The Deacon wrote:I'm the opposite. If I'm thinking of a knife strictly as a tool, then FRN, especially when paired with steel liners, is fine. But most of the time I look at knives as functional jewelry that need to look good as well as perform and, for that, I strongly prefer natural materials. Ivory and some species of wood work well on any size folder and I think they're the best choices for larger knives. Rams horn also works well on large and medium folders. Jigged bone and stag look great on medium and small folders, as do most other natural materials.
As for wood, ironwood and lignum vitae are about the toughest, strongest woods on earth. They're also both quite oily, to the point that they can be used without any finish. Someone would really have to go out of their way to dry them out and crack them. Treated decently any hardwood will last hundreds of years. Think Stradivarius violins, colonial era furniture, and the stocks on Kentucky flintlocks.
I suppose that's a pretty good point about the Stradivarius violins and Kentucky flintlocks. I have never seen either in person but the ones I have seen on "Pawn Stars" from the 1800's (and even earlier) look to be is great condition.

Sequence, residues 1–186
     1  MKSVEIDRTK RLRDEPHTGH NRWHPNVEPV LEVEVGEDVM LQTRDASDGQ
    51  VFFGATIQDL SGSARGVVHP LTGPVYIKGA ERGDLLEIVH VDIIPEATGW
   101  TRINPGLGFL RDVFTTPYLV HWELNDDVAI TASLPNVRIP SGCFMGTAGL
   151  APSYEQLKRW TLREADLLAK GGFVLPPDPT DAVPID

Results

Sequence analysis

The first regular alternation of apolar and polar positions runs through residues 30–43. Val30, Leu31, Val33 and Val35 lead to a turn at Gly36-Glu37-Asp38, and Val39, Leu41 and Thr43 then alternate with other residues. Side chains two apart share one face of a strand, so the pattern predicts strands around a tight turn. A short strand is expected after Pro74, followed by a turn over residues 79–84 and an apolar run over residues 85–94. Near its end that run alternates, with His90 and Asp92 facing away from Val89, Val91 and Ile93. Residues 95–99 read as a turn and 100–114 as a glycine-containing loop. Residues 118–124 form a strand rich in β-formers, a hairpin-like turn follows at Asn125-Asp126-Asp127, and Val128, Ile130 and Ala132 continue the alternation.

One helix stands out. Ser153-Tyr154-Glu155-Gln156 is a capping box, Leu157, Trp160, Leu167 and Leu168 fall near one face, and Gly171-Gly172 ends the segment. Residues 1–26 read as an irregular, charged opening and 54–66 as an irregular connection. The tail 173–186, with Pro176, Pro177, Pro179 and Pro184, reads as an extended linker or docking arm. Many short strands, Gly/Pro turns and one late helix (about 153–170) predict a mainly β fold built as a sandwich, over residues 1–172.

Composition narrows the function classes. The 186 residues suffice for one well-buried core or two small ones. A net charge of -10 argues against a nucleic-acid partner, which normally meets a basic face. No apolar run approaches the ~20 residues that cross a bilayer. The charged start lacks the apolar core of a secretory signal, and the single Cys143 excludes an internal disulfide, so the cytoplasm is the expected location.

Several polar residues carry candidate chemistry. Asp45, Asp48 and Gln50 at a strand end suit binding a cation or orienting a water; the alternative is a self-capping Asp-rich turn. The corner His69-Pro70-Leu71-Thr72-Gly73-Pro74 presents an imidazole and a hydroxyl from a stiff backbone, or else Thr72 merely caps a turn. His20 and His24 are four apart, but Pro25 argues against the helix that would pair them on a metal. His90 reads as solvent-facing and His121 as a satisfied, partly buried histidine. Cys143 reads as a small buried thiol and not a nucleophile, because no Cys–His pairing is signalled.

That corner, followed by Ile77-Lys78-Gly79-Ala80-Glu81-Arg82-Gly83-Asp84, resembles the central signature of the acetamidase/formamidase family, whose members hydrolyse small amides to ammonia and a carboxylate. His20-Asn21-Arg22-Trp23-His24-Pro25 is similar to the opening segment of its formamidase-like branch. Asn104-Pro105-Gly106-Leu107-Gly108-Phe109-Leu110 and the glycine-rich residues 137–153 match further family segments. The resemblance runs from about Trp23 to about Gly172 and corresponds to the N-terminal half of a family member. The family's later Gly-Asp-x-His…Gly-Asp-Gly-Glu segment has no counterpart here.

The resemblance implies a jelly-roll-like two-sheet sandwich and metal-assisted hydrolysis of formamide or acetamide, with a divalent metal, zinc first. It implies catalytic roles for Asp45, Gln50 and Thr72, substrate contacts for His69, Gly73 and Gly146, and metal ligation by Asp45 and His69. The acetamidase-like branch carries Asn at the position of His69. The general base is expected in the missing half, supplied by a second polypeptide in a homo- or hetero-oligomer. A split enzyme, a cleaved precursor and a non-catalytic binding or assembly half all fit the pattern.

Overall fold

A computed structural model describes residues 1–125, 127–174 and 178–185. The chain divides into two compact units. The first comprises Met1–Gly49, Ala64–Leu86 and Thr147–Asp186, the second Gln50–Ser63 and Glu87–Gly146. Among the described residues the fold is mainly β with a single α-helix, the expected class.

I like the phrase "functional jewelry". And I definitely like my knives to be pleasing to the eye as well as solid and tough. Some G10 that really appeals to me is the medium textured G10 on the Manix 2 and even the gripper G10 on some of the Manix 2 Sprint Runs (almost a prismatic effect). And the digital camo on the Para 2 is very attractive too IMO.
Also , after thinking much about this , I don't think that Spyderco would dare make a knife with a wood handle that would be anywhere near prone to cracking or warping or be anything less than extremely durable. Not to mention that the Ironwood on the Sage 4 is one the most attractive handles I have ever laid eyes on.